As you come across fascinating advances or applications, as well as implications of what this means for trends, capture and track it. I use a tool called Pocket. It’s just a simple bookmark tracking app with smart tagging that allows for easy categorization.
As I come across new findings, discoveries, or applications from my watch list technologies, I save the bookmark and tag it. I’ve been practicing this habit for many years. Now, whenever I’m seeking the latest happenings for a particular technology or trend, I pull up a list by those tags to find the discoveries that I’ve been tracking. Then use that information to examine trends for new possibilities.
- What could this mean for my business now?
- A year from now?
- Three years from now?
- Ten years from now?
I have been interested in TESLA for years. Once that car sparked my interest, I started to see them everywhere. It’s like that with your technology watchlist. When you set your intention for the trends and the tech you will pay attention to; you’ll start to notice them more. Whether at an event or a meeting with colleagues or even in your meetings with your team.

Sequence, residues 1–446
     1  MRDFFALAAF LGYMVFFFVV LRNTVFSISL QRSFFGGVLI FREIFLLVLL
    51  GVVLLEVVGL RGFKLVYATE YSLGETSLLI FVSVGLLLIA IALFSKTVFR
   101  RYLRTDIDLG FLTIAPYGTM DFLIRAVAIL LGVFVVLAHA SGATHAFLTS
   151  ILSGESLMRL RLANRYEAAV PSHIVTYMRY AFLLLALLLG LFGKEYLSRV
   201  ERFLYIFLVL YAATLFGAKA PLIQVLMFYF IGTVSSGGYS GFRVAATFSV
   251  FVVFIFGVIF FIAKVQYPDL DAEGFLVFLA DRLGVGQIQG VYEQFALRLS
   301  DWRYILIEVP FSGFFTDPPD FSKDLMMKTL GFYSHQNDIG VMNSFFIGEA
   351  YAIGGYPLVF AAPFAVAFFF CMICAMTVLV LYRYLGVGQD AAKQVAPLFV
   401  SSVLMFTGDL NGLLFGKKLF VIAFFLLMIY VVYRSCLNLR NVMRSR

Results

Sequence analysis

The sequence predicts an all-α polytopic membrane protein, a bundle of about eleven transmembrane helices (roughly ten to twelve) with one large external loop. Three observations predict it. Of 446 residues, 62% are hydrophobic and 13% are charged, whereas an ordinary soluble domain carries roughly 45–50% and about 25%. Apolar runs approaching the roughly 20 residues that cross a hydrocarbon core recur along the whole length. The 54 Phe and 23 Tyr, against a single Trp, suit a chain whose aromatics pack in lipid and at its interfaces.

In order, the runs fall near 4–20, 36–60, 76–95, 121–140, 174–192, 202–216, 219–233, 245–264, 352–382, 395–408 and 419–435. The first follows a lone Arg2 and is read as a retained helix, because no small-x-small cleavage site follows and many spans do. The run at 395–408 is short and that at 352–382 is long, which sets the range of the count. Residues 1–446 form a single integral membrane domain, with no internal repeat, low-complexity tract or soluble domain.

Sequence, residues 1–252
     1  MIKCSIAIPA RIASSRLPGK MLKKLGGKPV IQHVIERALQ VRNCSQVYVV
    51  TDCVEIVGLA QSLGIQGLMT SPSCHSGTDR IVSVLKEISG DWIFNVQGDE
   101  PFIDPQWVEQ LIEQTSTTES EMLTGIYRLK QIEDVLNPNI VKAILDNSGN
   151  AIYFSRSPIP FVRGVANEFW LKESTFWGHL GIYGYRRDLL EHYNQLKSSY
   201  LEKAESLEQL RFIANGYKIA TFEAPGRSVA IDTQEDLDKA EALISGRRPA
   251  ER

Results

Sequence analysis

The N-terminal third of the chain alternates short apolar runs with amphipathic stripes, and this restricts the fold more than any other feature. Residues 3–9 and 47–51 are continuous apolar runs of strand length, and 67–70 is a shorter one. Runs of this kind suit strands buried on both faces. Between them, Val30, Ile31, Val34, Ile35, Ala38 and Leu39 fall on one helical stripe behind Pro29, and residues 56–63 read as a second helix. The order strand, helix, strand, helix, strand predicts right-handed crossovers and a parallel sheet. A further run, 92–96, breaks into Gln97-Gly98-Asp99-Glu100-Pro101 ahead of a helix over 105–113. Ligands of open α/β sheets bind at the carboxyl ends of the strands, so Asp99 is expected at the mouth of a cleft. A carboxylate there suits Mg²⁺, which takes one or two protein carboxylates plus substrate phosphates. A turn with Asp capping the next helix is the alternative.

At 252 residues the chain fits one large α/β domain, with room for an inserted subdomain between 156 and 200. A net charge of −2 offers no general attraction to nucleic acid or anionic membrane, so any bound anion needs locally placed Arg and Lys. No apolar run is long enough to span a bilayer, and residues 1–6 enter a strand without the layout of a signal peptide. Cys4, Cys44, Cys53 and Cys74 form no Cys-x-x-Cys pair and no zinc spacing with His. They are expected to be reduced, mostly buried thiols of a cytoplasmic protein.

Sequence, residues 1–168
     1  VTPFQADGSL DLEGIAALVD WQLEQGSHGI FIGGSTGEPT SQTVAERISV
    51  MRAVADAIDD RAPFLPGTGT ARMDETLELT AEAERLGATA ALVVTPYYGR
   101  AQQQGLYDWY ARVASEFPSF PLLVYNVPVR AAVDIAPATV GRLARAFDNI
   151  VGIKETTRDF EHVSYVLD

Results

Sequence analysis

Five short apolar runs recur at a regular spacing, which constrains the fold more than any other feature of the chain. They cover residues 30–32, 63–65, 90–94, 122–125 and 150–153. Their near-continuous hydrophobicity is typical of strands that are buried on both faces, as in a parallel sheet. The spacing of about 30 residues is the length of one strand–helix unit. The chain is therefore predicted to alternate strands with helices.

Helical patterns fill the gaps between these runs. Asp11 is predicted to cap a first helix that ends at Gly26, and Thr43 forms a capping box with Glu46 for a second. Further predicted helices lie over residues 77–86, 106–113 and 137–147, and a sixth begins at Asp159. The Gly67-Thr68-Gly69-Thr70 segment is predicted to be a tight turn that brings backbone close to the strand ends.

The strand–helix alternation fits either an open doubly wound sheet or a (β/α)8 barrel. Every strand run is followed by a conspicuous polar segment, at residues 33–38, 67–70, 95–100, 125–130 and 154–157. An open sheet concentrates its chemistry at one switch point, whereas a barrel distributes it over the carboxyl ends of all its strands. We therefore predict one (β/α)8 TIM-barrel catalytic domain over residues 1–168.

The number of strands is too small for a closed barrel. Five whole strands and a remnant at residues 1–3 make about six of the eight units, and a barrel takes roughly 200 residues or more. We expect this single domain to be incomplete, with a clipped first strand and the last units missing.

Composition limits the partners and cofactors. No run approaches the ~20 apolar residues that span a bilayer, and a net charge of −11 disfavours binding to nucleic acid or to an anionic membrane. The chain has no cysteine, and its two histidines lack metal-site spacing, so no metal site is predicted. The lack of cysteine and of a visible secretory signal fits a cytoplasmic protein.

Imagine the Future
The last piece of this, and the most important, is making time to think about the future.
We can all say we don’t have time, but you can make time. Prioritize it. It doesn’t take that long; even spending 20 minutes to step back and consider what you see across the trends and technologies you are tracking adds value.
Take it a step further and ask yourself new questions.
- What might this mean for my business, industry, or career?
- What can I do about it?
- How could I apply this now or in the future?
- Do I need to start learning something?
- Do I need to stop doing something?
- Is there an experiment that I could do to get hands-on understanding and go a little deeper quickly?
It’s just about prioritizing and making the time.